Project No: FWP-FEAA112
Performer: ORNL - Oak Ridge National Laboratory


Award Date:  10/01/2012
Project Date:  09/30/2014

DOE Share: $450,000.00
Performer Share: $0.00
Total Award Value: $450,000.00

Performer website: ORNL - Oak Ridge National Laboratory -

Advanced Energy Systems - Hydrogen Turbines

Materials Issues in Supercritical Carbon Dioxide

Project Description
The proposed work is focused on establishing a broad understanding of the materials issues associated with scaling up supercritical carbon dioxide (sCO2) systems to higher temperatures in order to increase the efficiency of commercial power production. The effort is intended to increase understanding of the applicable corrosion mechanisms in sCO2 as a function of temperature and establish temperature limits for various classes of materials (e.g., ferritic and austenitic steels, Ni-base alloys, and alumina-forming alloys) to enable materials selection and design of sCO2 systems.

Program Background and Project Benefits

Turbines convert heat energy to mechanical energy by expanding a hot, compressed working fluid through a series of airfoils. Combustion turbines compress air, mix and combust it with a fuel (natural gas, coal-derived synthesis gas [syngas], or hydrogen), and then expand the combustion gases through the airfoils. Expansion turbines expand a working fluid like steam or supercritical carbon dioxide (SCO2) that has been heated in a heat exchanger by an external heat source. These two types of turbines are used in conjunction to form a combined cycle— with heat from the combustion gases used as the heat source for the working fluid— improving efficiency and reducing emissions. If oxygen is used for combustion in place of air, then the combustion gases consist mostly of carbon dioxide (CO2) and water, and the CO2 can be easily separated and sent to storage or used for Enhanced Oil Recovery (EOR). Alternatively, the CO2/steam combustion gases can be expanded directly in an oxy-fuel turbine. Turbines are the backbone of power generation in the US, and the diverse power cycles containing turbines provide a variety of electricity generation options for fossil derived fuels. The efficiency of combustion turbines has steadily increased as advanced technologies have provided manufacturers with the ability to produce highly advanced turbines that operate at very high temperatures. The Advanced Turbines program is developing technologies in four key areas that will accelerate turbine performance, efficiency, and cost effectiveness beyond current state-of-the-art and provide tangible benefits to the public in the form of lower cost of electricity (COE), reduced emissions of criteria pollutants, and carbon capture options. The Key Technology areas for the Advanced Hydrogen Turbines Program are: (1) Hydrogen Turbines, (2) Supercritical CO2 Power Cycles, (3) Oxy-Fueled Turbines, and (4) Advanced Steam Turbines.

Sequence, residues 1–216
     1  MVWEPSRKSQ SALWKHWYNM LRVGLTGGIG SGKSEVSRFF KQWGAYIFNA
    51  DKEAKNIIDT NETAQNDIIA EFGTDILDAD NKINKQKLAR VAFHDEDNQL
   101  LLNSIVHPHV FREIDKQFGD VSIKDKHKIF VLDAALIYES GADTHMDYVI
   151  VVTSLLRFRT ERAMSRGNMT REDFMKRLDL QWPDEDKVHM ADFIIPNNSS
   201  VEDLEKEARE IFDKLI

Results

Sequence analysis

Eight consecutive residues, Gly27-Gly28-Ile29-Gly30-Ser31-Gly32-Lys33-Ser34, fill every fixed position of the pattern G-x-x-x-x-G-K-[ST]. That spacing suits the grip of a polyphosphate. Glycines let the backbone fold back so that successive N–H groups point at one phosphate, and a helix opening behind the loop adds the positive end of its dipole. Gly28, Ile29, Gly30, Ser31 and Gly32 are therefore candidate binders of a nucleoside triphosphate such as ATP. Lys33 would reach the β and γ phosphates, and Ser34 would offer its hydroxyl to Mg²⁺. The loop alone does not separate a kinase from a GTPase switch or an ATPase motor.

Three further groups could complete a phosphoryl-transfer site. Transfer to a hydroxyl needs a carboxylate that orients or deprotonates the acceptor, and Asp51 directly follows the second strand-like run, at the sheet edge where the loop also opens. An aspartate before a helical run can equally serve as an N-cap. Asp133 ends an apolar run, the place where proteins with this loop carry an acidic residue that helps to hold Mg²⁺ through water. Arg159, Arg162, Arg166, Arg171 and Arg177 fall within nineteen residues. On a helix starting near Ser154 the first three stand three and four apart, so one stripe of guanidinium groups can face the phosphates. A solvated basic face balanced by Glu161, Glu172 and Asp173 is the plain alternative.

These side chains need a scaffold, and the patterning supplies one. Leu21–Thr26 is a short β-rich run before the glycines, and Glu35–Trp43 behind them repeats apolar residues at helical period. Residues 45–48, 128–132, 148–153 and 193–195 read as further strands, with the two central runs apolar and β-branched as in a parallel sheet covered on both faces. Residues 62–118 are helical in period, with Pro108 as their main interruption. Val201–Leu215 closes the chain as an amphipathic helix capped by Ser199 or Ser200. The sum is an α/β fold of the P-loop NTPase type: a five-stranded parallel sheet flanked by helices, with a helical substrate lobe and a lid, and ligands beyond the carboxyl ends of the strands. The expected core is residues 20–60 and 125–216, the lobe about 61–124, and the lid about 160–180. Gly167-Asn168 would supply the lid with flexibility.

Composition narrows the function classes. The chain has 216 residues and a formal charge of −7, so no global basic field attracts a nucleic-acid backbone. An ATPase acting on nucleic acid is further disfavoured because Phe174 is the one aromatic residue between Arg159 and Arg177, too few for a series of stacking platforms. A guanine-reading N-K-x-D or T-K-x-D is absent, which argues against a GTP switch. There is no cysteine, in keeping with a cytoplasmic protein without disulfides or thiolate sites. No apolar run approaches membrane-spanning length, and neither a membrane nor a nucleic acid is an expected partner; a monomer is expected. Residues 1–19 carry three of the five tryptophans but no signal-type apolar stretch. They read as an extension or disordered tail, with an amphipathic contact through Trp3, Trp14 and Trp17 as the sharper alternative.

Supercritical CO2 power cycles have the potential to provide a low-cost advanced fossil fuel combustion option with carbon capture. The cycle envisioned for the first coal-based application is a non-condensing closed-loop recuperated Brayton cycle. The cycle is operated above the critical point of CO2 so that it does not change phases (from liquid to gas), but rather undergoes drastic density changes over small ranges of temperature and pressure. This allows a large amount of energy to be extracted at high temperature from equipment that is relatively small in size. The temperature profiles of typical heat sources, like oxy-fueled pressurized fluidized bed com¬bustors (PFBCs), are a better fit to those of the supercritical CO2 working fluid than a typical steam cycle. SCO2 research will improve the data available for CO2 properties that will exist at the conditions within the proposed cycles and conduct system studies to identify development needs that will result in a roadmap to a demonstration of a high efficiency robust power cycle at a commercially relevant scale.

Oak Ridge National Laboratory will build and validate a materials testing rig and test a variety of alloys to increase understanding of the applicable corrosion mechanisms in SCO2 as a function of temperature and establish temperature limits for various classes to enable materials selection and design of SCO2 systems. Increasing the understanding of materials issues will enable an increase the efficiency of commercial power production from scaling up SCO2 systems to higher temperatures.